It lives in my head, the most haunting of images. And while most would assume it would be that of my lifeless baby, it actually isn’t.
It is the image of my husband sitting, with his head in his hands, at the end of a long hospital corridor. I saw that, and knew it was over.
Because had there been any glimmer of hope, he would have been in the room with Oliver, while they were trying to revive him. But they had been shocking his heart for 30 minutes with nothing to show but faces of solemnity. Someone had suggested my husband wait outside the triage room, in the hallway.
And when I came rushing in to the hospital, a (very slow) nurse accompanied me to the triage room. But I left her behind as I ran up to my husband. And he looked up at me with broken, sad eyes. And his eyes confirmed what I had assumed by seeing him sitting, with his head in his hands, at the end of a long hospital corridor.
I have a lot of updating to do. Life is beyond hectic, and that sometimes keeps me from actually feeling the things I need to feel. I push them down because I just don’t have time to deal with the emotions.
The “anniversary” of Oliver’s death was 5 days ago. It fell on a Sunday, which means the kids were home and I didn’t have much downtime to grieve, or even think much about, my sweet boy.
But oh, we have a baby now. After 10 years of infertility, and needing IVF to have the babies we had, I got pregnant the old-fashioned way. First time in ten years. TEN FUCKING YEARS. I got the positive pregnancy test a few days after the “anniversary” of Oliver’s death. My due date was the EXACT SAME as it was with the twins. I realize it sounds like I’m full of shit, but this happened. And while the twins were born on March 1st (two weeks early), my sweet new babe arrived on March 20, six days overdue. On the first day of Spring. And her name is Violet.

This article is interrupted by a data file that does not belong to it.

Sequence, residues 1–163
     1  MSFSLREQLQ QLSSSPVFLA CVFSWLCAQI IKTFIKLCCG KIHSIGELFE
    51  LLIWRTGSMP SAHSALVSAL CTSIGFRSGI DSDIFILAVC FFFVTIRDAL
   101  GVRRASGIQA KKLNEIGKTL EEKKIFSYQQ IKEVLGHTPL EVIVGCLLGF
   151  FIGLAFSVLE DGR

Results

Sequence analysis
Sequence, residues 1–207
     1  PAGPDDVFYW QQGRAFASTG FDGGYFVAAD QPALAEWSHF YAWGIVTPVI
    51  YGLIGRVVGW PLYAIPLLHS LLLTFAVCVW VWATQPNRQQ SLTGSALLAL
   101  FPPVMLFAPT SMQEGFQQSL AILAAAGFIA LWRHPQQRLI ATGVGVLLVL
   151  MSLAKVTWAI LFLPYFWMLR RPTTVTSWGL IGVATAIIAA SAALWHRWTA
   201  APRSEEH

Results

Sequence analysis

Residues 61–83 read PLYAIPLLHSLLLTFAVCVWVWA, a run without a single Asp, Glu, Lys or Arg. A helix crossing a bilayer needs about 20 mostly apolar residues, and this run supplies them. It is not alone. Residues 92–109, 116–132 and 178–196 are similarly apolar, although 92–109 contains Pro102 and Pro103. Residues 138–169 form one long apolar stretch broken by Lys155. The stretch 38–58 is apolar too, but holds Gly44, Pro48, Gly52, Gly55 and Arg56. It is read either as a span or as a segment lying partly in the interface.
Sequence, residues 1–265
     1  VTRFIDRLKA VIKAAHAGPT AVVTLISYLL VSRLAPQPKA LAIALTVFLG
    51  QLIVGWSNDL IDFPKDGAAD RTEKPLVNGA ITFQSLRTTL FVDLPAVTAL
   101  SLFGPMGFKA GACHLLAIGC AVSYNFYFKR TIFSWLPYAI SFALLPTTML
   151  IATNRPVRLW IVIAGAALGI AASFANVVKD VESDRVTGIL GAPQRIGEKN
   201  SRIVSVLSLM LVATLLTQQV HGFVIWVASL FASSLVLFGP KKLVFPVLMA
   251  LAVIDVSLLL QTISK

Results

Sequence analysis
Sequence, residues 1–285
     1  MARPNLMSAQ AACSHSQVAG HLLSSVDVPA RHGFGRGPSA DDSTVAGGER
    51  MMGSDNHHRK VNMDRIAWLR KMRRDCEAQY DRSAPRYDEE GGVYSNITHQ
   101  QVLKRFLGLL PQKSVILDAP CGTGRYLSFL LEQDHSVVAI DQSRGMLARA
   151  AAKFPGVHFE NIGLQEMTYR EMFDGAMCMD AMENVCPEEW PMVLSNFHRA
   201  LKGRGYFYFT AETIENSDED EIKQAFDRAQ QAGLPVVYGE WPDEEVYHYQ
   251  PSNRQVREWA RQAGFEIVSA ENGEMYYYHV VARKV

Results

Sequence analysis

Violet is amazing. She is the perfect baby… and I’ve never had one of these! She is happy all of the time, she is a great sleeper. She’s just an easy baby. I really never thought I could make one of those.
But, Violet being born in March, so close to Avery and Oliver’s birth day… she’s hitting all her milestones at very similar times of the year, and it’s so hard. It’s so wonderful, but so, so hard.
Violet is almost four months old. I’m feeling my paranoia and my anxiety ramp up. Today was a Friday in July. Oliver died on a Friday in July. Violet ran out of milk at daycare. Oliver ran out of milk at daycare on the day that he died. Violet’s daycare teacher told me that it’s ok, she’s sleeping now, so I don’t need to bring more milk down. I wanted to scream at her to not let Violet sleep! Please! Keep her awake and alive.
I wear Violet a lot in a baby carrier. And I give her so many kisses on her forehead. Tonight, it’s a balmy 75 degrees in here, and we have plenty of fans blowing. Violet’s skin feels a little clammy, and upon the last kiss on the forehead I gave her, she felt a bit cooler than normal. And I instantly think of the last kisses I gave Oliver on his forehead. Hours after he died, as I was holding him in my arms, never wanting to let go. But, he started to get cold. The warmth was leaving his body, and it was time for me to give him up.
Having a new baby after your baby dies can be at times uplifting and comforting, and at other times a cruel reminder of what you once had. And soon enough, once Violet turns 4 months and 8 days old, it will be a reminder of what never was.
This evening, Henry was loving on his baby sister. He said, “She’s my baby!” and then said “but when baby dies, we won’t have anymore babies left”. So I had to try to explain to my 4-year-old that it’s not typical for babies to die. And that even though Oliver died, most people die when they are old. Then he said, with a hopeful look on his face, “Will he come back??”
And then the pieces of my broken heart shattered into even more pieces.
My Facebook feed is filled with graphics proclaiming “I am 1 in 8”. My feed is filled with these because I have a LOT of friends who struggled with infertility. We connected over our struggles to conceive. I am infertile. And it sucks.